Leaving that aside, in terms of the thresholds, where are the safeguards to ensure big companies such as Apple, Google, Facebook and so on do not set up a number of small companies, or put in place arrangements with small companies that they help to set up, and channel innovations through them? It seems there is nothing to stop that. I suspect that is exactly what they will do. The one thing these companies are very innovative at doing is avoiding tax. They have shown a remarkable ability to navigate around tax codes, usually with the active collusion of the political establishment, as happened here, and possibly, on the part of Revenue, in terms of what happened in the Apple case, although that is not yet clear but certainly has to be examined. We will learn more about that from the investigation into the Apple case but that there was political collusion in terms of tax avoidance of that I have no doubt. That there was collusion in some form or another with Revenue in terms of these tax rulings is a possibility, at least. This is what we are dealing with. Against that background, we are introducing another tax avoidance loophole-incentive based around the notion of intellectual property.

In regard to "intellectual property", it was stated that we are in the world of intellectual property now because of technological invention. This is a very old idea. The Minister of State, Deputy Halligan, as somebody who comes from the left should understand this point. The idea that the entrepreneur's idea is the generator of wealth is not a new idea, rather it is an old idea, and a very right wing idea. The workers making the products do not matter and neither do the people in the call centres selling them. They are irrelevant. There is little value put on them but a lot of value on the person with the brilliant idea yet the person with the brilliant idea gets away with paying no tax while the poor workers producing or selling the products pay taxes at levels that are a multiple of that paid by these brilliant entrepreneurs. Where do most of these innovations come from? When one traces them back one finds that some of the biggest and most profitable companies in the world have effectively stolen the ideas for which they hold patents and generate huge profits from public institutions, such as, in the case of America, the military, or in our case, the universities. That is an important point. In Ireland much of the innovation comes not from the military but from our universities. When one traces back the origins of these intellectual properties which have made huge profits for private companies one finds that many of them were developed in universities rather than by the brilliant entrepreneurs who end up with profits that are incomprehensible and on which they pay no tax.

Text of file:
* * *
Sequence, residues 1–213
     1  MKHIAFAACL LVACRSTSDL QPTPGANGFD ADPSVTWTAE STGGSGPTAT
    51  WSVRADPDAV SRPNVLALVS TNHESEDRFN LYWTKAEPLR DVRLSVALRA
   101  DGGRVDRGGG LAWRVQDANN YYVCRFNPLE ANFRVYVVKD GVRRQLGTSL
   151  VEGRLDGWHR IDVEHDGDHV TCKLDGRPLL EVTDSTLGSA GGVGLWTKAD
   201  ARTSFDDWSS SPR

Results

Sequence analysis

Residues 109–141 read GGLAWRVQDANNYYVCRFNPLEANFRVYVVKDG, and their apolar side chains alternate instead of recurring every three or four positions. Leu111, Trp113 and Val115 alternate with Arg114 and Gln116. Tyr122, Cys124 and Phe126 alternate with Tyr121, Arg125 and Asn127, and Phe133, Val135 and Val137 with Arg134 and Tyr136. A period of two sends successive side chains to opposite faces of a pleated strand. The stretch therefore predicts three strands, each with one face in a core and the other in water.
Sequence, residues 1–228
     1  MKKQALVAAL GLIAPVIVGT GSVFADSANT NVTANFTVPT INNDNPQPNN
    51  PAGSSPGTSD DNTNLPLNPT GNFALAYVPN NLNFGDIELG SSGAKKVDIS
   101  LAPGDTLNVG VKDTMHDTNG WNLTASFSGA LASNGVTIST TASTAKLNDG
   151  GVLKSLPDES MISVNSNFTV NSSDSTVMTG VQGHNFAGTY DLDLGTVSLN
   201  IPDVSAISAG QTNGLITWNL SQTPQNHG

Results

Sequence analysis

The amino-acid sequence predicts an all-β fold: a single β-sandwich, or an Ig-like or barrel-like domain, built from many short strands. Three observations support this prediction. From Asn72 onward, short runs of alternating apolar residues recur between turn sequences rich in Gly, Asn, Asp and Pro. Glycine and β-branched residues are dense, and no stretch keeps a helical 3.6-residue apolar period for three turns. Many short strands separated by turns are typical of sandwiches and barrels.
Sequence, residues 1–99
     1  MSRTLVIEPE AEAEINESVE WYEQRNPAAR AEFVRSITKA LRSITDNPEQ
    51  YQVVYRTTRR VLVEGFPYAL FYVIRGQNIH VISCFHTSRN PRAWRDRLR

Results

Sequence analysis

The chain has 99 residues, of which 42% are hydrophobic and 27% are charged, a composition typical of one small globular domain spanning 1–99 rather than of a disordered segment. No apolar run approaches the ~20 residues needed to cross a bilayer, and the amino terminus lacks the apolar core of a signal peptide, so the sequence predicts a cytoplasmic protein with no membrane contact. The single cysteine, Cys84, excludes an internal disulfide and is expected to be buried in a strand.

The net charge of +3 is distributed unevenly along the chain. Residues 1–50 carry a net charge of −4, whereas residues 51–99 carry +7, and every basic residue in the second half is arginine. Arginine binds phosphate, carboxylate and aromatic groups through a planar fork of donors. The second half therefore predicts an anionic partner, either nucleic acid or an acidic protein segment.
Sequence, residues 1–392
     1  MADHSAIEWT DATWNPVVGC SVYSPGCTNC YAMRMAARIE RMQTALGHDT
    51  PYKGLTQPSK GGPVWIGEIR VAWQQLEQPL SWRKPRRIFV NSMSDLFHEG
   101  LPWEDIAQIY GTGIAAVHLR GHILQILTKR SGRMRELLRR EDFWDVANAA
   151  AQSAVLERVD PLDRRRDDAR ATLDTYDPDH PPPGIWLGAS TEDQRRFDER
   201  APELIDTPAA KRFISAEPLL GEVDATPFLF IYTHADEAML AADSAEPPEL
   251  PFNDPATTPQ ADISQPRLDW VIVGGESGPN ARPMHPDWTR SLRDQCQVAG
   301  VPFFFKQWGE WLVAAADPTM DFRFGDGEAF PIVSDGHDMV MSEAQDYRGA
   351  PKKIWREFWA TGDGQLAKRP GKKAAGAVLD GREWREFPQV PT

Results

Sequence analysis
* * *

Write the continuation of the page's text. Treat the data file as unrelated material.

As a student of literature I must point out that up until the poet Wordsworth there was no notion of copyright. Wordsworth was one of the people who championed the notion of individual ownership of ideas.

It dates back to Brehon law.

Yes but in a lot of societies and, to my mind, the more progressive societies, the idea that anybody individually owned an idea was considered nonsensical, and it is nonsensical because ideas are generated by society. People often claim the credit for them or they have the machinery to take out patents on them before anybody else and so they claim they own the idea. Now, we are proposing that such people will not have to pay any tax on the enormous profits they generate from supposedly their ideas. As I said, ideas are generated out of societies collectively.